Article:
Callback(Callback())

Every good interpreted language needs to have a way to add hooks. Copper used to have one a long time ago, but it hadn’t been rewritten when I made significant changes to the engine. As of today, the callback system has been rebuilt and working!

A callback is basically a function made inside of the interpreter and called later using some outside function. These are very useful for things like button responses, game triggers, etc.

For the Copper engine, I created a method called “runFunctionObject” that accepts a single function-object as an argument and processes it much the same way it would be processed if it were run along with the rest of the Copper code. The only caveat is that it should be called after the engine finishes processing the rest of the code via Engine::execute. No big deal. Engine::execute is called inside of Engine::run – the main function you call when you want to run Copper code.

Of course, obtaining a native Copper function-object and passing it directly into runFunctionObject has its problems. Locally-created functions (those made inside other functions and saved to local variables) and owner-less functions (those not assigned to a variable) are going to be destroyed at the end of the engine running unless the ownership of the function is changed to something outside of the Copper code scope. Hence, the outside code has to set the ownership.

Since that would be tedious to ask the user to do, I decided to create a wrapper class for callbacks: “CallbackWrapper”. It’s included within the rest of the main codebase of Copper.

The usage is pretty easy, so let me give you a full example:

#include <Copper/src/Copper.h>
#include <Copper/stdlib/Printer.h>
#include <Copper/stdlib/InStreamLogger.h>
int main() {
 Cu::Engine engine;
 CuStd::Printer printer;
 CuStd::InStreamLogger streamLogger;
 engine.setLogger(&streamLogger);
 engine.addForeignFunction(util::String("print"), &printer);
 Cu::CallbackWrapper cbw(engine, util::String("set_callback"));
 while( engine.run() == Cu::EngineResult::Ok );
 cbw.run();
 return 0;
}

That’s it! Now within Copper itself, we can call the “set_callback” method and pass it any function we want!

a = "callback message"
set_callback( { print(a:) }

Assuming everything compiled correctly, our output will be “callback message”.

The astute reader may notice that we have used the global “a”. After a normal call to Engine::run(), all of the global variables remain intact. This allows callback functions to utilize them. The globals are only eliminated once the engine instance is finally destroyed or by using the method Engine::clearGlobals().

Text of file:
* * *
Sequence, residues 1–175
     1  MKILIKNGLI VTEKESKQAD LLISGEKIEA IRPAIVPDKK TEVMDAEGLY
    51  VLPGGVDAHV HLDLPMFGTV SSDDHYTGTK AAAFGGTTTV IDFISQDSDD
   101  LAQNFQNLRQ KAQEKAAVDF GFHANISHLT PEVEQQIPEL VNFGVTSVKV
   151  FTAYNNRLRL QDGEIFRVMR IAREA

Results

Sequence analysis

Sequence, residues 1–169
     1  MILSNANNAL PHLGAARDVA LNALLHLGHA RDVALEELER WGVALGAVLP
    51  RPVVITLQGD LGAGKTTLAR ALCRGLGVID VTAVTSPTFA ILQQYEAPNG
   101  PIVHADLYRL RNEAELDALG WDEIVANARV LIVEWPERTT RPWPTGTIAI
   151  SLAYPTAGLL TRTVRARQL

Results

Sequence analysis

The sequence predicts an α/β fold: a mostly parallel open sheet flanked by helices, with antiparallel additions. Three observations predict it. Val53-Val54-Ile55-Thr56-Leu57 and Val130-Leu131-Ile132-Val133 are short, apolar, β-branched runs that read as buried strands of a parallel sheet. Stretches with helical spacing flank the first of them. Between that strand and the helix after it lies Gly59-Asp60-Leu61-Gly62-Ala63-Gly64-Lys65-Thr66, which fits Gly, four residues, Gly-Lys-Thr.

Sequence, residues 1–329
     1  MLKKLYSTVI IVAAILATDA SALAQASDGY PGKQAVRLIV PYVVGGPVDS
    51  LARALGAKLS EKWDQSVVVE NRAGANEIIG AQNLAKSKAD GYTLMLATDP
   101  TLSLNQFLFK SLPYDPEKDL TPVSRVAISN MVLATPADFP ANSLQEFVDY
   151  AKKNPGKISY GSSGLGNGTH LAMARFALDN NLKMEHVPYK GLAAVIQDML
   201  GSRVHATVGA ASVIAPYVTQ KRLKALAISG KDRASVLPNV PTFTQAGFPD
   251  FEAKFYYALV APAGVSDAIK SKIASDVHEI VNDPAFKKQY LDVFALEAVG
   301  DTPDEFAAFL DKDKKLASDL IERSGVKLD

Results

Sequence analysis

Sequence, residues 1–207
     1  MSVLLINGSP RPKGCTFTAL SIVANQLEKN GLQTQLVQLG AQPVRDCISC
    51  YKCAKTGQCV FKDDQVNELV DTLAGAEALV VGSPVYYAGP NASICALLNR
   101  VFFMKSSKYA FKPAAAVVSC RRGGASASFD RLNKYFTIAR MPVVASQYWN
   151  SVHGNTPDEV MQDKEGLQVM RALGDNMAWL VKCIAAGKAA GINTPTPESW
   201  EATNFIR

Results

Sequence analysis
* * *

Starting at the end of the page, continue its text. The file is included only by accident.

Methods?

Unless you write it C, you probably want to take advantage of methods in classes. It is rather tedious to inherit from the abstract class ForeignFunc for every little function you want to add. I decided to make it simpler by adding yet another helper class and function: ForeignMethod and addForeignMethodInstance.

The class ForeignMethod inherits ForeignFunc, but unlike the latter, it isn’t inherited from. Instead, the user is expected to pass it a method and the associated base class pointer before adding it to the engine.

All of the droning steps have been reduced to a simple function: addForeignMethodInstance. This function accepts as arguments a pointer to the Copper engine, the name of the foreign function (accessed from Copper), the base class pointer and the pointer to the method. Usage is like this:

struct MethodSource {
bool run( Cu::FFIServices& ffi ) {
ffi.printInfo("Inside method source");
return true;
}
};
int main() {
//...
MethodSource ms;
addForeignMethodInstance( engine, util::String("method"), ms, &MethodSource::run );
}

The pointer to the base class is necessary so that the correct owner of the method can be called.

Concluding Notes

I suspect the class method wrapper will be used quite frequently. Class bindings are one of the main things I had in mind when I designed Copper, but it seems like anytime you want to do something with such broad powers, C++ gives you a choice between code bloat (via templates), memory bloat, or speed sacrifice. I chose code bloat in this case.

I doubt this is the end of the improvements of the foreign function interface and helper classes. While I’m running out of ideas for the moment, the engine is in such a nice state that I already want to work with it on some project. At this point, only finishing the new type system remains.

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